I’ve surfaced from last week’s Identity and Privacy conference to start work on some lengthier and more detailed posts, but this particular item caught my eye – the Guardian reports on a review of CCTV use in cities and urban areas which, unsurprisingly, concludes that it offers very few benefits. The authors say “while their results lend support for the continued use of CCTV, schemes should be far more narrowly targeted at reducing vehicle crime in car parks.”
This is a theme we’ve discussed before, and one that is becoming increasingly widespread: just last week a senior ACPO representative reiterated his belief that practical applications of CCTV are few and far between. The Home Office is trying to force pubs, clubs, shops and off licenses to install CCTV, despite their experience of what happens when ordinary citizens have the ability to film the police in action, and the fact that this is now technically illegal. And there are still big problems with retention of CCTV images and the difficulty of obtaining subject access to those images.
We need greater honesty about why the government is keen on CCTV: it doesn’t prevent crime, but moves it to other areas. CCTV is pretty useful to protect property (for example, when I park at the station I try to ensure my car is within the gaze of a camera). When properly implemented and used, CCTV makes for a great evidence tool, so I’ve no problem with cameras at bank counters. But when CCTV is used instead of an effective police presence then we run into problems. If the police, or a private organisation, choose to use CCTV in place of a person on the ground, then as well as a Privacy Impact Assessment they should be encouraged to release an economic statement to justify why they have chosen to use cameras instead of eyes. Considering CCTV as an economic, rather than a security, tool would make for a much simpler and easier debate all round.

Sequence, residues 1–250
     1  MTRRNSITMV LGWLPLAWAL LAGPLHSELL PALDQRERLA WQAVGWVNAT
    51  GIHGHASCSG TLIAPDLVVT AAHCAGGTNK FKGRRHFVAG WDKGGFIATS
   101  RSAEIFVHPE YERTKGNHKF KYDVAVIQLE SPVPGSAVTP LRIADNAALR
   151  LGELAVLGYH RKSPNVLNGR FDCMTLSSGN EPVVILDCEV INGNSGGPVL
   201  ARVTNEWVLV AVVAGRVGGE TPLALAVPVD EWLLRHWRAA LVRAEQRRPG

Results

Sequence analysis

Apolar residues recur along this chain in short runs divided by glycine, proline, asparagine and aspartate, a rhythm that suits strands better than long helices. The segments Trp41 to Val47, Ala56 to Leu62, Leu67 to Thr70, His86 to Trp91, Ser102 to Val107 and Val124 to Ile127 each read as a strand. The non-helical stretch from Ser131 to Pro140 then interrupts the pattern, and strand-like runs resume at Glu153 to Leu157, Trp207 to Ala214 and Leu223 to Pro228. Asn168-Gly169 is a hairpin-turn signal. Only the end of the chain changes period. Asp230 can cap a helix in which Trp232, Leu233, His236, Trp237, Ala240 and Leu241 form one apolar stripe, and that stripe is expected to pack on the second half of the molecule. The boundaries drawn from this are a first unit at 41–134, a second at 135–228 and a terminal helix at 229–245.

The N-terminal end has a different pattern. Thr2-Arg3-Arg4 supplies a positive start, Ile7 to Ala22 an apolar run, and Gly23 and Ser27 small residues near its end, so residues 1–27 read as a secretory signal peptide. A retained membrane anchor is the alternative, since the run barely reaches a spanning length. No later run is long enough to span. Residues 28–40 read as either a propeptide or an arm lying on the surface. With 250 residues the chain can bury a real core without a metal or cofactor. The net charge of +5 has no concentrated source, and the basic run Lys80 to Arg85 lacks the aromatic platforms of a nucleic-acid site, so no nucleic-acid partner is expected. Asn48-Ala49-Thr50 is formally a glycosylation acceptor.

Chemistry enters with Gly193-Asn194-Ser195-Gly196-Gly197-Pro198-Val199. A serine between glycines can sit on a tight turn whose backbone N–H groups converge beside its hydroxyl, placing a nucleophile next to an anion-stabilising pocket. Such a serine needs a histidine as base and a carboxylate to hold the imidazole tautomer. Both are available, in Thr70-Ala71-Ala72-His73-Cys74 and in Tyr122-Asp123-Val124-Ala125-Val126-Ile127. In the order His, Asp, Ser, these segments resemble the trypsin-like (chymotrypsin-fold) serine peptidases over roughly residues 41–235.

[Thanks to FIPR for the link]